Hip replacements and tennis...

sphinx780

Hall of Fame
Long story short... my hips don't like me. So I will be having a hip replacement in the right and based on the current state of arthritis, the left will follow in the next couple years.

The rub: I'm 36.

So the conversation becomes 2 or 3 in each hip barring medical improvements.

I would be interested to hear the thoughts from the hell with it crowd and the be careful crowd on how a chap goes about this and the potential to get back to my happy place (courts, not midgets on wooden horses)
 

esgee48

G.O.A.T.
Several older males and females in my tennis scene have had hip replacements. After a period of rehab, they back to playing doubles. Some attempt singles, but they were slow before and after the surgery, so they do not have much success in singles. Rehab seemed to take at least 6 months before they felt comfortable on the courts. 2 cents.

BTW, I know a lot more people with knee replacements.
 

Raul_SJ

G.O.A.T.
The guys I know with knee replacements say their Doctors tell them to avoid Tennis because the high impact will wear out the replacements faster...

Don't know if this applies to hip replacements as well.
 

ollinger

G.O.A.T.
There are orthopedists who will tell you the truth and orthopedists who will tell you what you want to hear. The long and the short of it is that tennis will shorten the time until your next hip replacement, and honest orthopedists will tell you to consider some other activity. If it were me, I'd get more seriously into bicycling and billiards.
 

sureshs

Bionic Poster
I cried because I had no shoes.
Then I met a man who had no feet.






















































Then I cried again because Ash was coaching him.
 

Ash_Smith

Legend
You should try wheelchair tennis Sureshs - we saw from your video that you often let the ball bounce twice.
 

sureshs

Bionic Poster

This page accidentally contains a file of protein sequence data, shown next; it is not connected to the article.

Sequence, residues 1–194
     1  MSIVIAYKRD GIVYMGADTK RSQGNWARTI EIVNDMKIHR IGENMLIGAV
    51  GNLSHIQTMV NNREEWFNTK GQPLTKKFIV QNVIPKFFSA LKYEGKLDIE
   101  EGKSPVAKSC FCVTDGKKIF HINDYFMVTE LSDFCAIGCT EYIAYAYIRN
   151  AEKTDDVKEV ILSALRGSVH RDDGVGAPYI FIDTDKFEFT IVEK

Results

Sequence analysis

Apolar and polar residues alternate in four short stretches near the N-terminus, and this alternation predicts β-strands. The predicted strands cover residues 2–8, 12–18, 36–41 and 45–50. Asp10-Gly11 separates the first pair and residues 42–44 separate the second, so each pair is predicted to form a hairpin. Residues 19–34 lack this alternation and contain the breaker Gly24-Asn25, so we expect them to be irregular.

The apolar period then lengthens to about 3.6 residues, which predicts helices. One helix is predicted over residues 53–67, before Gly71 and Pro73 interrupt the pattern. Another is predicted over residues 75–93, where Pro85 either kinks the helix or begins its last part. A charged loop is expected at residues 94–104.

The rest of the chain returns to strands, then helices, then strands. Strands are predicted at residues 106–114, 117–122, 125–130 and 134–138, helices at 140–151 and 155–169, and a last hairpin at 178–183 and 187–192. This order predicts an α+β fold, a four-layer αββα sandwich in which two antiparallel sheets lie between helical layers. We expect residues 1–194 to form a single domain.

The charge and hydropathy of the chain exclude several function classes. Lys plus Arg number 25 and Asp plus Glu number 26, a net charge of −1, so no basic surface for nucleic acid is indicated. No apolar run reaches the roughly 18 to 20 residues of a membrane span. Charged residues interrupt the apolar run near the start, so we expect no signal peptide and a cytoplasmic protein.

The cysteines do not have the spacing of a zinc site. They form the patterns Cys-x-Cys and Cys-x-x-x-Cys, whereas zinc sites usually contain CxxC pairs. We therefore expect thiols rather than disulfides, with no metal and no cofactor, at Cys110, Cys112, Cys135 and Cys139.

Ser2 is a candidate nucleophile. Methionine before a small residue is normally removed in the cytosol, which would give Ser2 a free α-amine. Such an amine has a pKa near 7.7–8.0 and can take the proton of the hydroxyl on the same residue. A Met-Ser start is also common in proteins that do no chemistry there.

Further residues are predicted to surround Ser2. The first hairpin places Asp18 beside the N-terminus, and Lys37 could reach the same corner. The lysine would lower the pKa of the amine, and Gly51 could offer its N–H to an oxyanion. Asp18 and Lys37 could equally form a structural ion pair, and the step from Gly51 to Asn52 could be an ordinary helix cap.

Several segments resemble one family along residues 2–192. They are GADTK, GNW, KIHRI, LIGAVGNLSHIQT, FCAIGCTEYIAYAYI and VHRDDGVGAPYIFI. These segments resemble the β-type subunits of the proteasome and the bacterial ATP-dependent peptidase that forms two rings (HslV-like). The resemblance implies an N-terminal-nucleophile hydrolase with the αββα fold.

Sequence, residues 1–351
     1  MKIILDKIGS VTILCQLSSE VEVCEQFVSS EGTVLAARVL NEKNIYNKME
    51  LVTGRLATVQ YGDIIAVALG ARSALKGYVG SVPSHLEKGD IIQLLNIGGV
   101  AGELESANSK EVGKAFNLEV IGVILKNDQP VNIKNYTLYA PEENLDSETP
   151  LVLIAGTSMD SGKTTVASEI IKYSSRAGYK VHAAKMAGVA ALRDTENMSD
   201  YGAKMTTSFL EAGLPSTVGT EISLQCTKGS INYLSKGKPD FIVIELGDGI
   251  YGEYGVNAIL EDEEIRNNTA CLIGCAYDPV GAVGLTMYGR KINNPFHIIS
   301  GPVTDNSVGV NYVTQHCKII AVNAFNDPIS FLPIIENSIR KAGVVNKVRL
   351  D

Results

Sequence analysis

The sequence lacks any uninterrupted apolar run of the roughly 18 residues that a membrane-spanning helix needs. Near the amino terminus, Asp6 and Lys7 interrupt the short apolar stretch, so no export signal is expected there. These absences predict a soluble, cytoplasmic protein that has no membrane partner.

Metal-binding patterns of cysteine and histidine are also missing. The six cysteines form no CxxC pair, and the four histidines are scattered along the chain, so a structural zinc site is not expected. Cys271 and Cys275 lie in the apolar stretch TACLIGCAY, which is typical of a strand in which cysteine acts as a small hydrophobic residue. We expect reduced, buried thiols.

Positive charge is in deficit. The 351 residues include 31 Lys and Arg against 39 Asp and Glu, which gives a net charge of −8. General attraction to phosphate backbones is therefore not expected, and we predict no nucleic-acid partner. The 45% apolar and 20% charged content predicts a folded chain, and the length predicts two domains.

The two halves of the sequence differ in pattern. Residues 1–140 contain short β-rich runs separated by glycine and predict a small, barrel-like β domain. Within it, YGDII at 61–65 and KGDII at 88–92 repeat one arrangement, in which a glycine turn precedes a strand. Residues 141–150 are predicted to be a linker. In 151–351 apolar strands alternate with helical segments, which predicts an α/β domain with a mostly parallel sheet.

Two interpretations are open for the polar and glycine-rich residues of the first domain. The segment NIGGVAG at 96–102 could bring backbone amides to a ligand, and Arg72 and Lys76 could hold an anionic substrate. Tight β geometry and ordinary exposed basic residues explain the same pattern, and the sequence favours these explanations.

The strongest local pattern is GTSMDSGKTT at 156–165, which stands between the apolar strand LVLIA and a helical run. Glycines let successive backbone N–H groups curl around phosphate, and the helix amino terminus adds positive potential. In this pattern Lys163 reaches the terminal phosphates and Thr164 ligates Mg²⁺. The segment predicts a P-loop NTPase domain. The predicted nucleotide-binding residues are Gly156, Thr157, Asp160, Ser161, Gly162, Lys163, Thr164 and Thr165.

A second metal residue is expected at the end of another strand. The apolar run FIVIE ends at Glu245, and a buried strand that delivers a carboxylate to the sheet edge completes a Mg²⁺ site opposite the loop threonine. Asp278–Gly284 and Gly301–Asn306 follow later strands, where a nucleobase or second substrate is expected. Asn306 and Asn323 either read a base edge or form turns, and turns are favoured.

You should try wheelchair tennis Sureshs - we saw from your video that you often let the ball bounce twice.
What am I supposed to do if it bounces twice coming to me in practice? I just use it as an opportunity to hit the ball. Do you expect me to run forward and get it in one bounce when I am just hitting?
 

sphinx780

Hall of Fame
There are orthopedists who will tell you the truth and orthopedists who will tell you what you want to hear. The long and the short of it is that tennis will shorten the time until your next hip replacement, and honest orthopedists will tell you to consider some other activity. If it were me, I'd get more seriously into bicycling and billiards.
Yeah, the Ortho I'm working with is honest about it instead of trying to tell me what I would ideally have love to have heard. I'm realistic about it although I don't see my self going for billiards anytime soon unless I can somehow combine it with the cycling. Hmmmm

Figured it'd at least be entertaining to hear thoughts from all different view points.
 

sureshs

Bionic Poster
You gotta quit crying and rub some dirt on it. Walk it off my man, it's only life!
You want me to walk it off, Ash wants me to get double bounces. But I don't want to come on here asking about knee or hip replacement so I will take it easy.
 

sphinx780

Hall of Fame
Several older males and females in my tennis scene have had hip replacements. After a period of rehab, they back to playing doubles. Some attempt singles, but they were slow before and after the surgery, so they do not have much success in singles. Rehab seemed to take at least 6 months before they felt comfortable on the courts. 2 cents.

BTW, I know a lot more people with knee replacements.
Yeah, I know many older folks who keep up tennis after the hip replacement, but a big determinant is the lifespan of the hip and the ability to move. I've got to figure as an athletic 36 year old, if I chose to play, I'd be putting more wear and tear on the parts than your average 65 year old would be each time on the court.

The guys I know with knee replacements say their Doctors tell them to avoid Tennis because the high impact will wear out the replacements faster...

Don't know if this applies to hip replacements as well.
From everything I'm soaking in, it definitely applies to hip replacements as well although the hip is much more supported by muscle than a knee so the wear and tear is more of the issue than the potential issues with a knee replacement blowing out.

Yep, many! Drop me an email if you are considering it and I can put you in touch with somebody who can help - assume you're US based (most on here seem to be!)
Yup, I'm US based. I'll be sure to shoot you an email if/when I get to that point.
 

Fred132

Rookie
I know a guy who's back to playing dubs after having both hips replaced.

He's enjoying himself and moving pretty well. No idea about the hips wearing out quicker thing.
 

ttwarrior1

Professional
really wish you wouldn't do this. See a chiro first and take high doses of liquid calcium with magnesium along with glucosamine, manganese and gelatin and listen to the vids of dr peter glidden and dr joel wallach on youtube.

Also do stretch and strength exercises for the hip.
 

sphinx780

Hall of Fame